There are worse ways to go than firing squad.
A Georgia inmate scheduled for execution next week has selected his final meal. But the inmate's lawyers argued that because he has been taking a prescription drug to treat nerve pain for years, the pentobarbital won't work as intended. They cite experts who say long-term exposure to gabapentin alters brain chemistry, making pentobarbital unreliable to render him unconscious and devoid of sensation or feeling.
"There is a substantial risk that Mr Ledford will be aware and in agony as the pentobarbital attacks his respiratory system, depriving his brain, heart, and lungs of oxygen as he drowns in his own saliva", the court papers said.
His lawyers said that the use of lethal injection would violate his Eighth Amendment right to avoid "cruel or unusual punishment". So Ledford's lawyers proposed using a firing squad, which the Supreme Court has already declared constitutional.
Legal precedent only allows for inmates to offer an alternative form of execution allowed by the state - Georgia, however, only allows lethal injection.
One would assume Georgia's intimation that Ledford is making up the treatment he says he's received for the last 10 years could be easily confirmed by checking his medical records, but the logic behind the state's second statement - that he should have requested a firing squad five years ago - is negated by the fact that the gruesomeness of lethal injections has only become common knowledge in the last couple of years.
There are numerous law enforcement officers who now have the necessary training to pass a proficiency test to qualify for a firing squad, they say.
The 45-year-old has also unsuccessfully sought to be executed by a firing squad rather than lethal injection.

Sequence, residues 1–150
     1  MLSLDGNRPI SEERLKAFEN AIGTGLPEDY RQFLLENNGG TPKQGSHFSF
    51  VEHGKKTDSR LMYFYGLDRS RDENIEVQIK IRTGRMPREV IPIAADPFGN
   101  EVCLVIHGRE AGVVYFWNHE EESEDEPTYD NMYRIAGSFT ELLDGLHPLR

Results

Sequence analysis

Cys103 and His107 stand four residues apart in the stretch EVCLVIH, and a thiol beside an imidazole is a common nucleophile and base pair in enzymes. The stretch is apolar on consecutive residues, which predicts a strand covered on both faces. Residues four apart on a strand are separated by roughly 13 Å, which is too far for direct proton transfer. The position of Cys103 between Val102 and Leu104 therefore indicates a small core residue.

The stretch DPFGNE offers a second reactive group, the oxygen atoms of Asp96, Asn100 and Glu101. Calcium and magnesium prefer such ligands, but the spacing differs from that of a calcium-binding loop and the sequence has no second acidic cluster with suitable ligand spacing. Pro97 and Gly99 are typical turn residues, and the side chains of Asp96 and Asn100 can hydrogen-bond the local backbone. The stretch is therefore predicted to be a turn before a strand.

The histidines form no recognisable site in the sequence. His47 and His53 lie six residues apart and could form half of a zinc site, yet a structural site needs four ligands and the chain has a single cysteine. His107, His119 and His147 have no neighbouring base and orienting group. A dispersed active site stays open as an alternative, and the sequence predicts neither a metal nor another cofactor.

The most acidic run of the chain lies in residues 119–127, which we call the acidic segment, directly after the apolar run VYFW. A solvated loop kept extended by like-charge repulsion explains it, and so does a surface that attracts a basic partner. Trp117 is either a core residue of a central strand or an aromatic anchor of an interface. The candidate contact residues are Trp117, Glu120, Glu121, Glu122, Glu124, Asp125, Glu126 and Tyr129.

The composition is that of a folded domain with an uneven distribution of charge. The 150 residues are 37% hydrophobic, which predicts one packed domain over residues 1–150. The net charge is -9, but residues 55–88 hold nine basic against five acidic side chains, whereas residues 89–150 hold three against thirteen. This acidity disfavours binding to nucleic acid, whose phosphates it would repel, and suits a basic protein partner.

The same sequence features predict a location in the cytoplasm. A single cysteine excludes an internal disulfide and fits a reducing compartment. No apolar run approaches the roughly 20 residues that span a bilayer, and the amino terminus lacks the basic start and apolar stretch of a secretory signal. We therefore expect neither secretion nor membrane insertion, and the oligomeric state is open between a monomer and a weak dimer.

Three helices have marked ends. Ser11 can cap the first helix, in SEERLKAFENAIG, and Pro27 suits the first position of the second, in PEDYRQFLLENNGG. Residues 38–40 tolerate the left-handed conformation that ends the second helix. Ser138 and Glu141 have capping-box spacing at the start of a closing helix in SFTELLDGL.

According to the Death Penalty Information Center, Utah, Mississippi and Oklahoma are the only states that have firing squad as an option.
A judge dismissed his lawsuit on Friday but the lawyers say they will appeal.
A death row inmate in Georgia scheduled to be executed by lethal injection on Tuesday was hoping to get a delay so state officials can set up a firing squad, which his lawyers claim would be less painful for him.
They questioned the timing of his request. They cite experts who say exposure to gabapentin alters brain chemistry in a way that pentobarbital can not be relied upon to make him unconscious and insensate.
Ledford's lawyers are asking the parole board to spare his life, citing a rough childhood, substance abuse from an early age and intellectual disability.
The board, which is the only authority in Georgia with power to commute a death sentence, plans to meet Monday to hear arguments for and against clemency.
Ledford was convicted of malice murder, as well as two counts of armed robbery, one count of burglary and one count of kidnapping.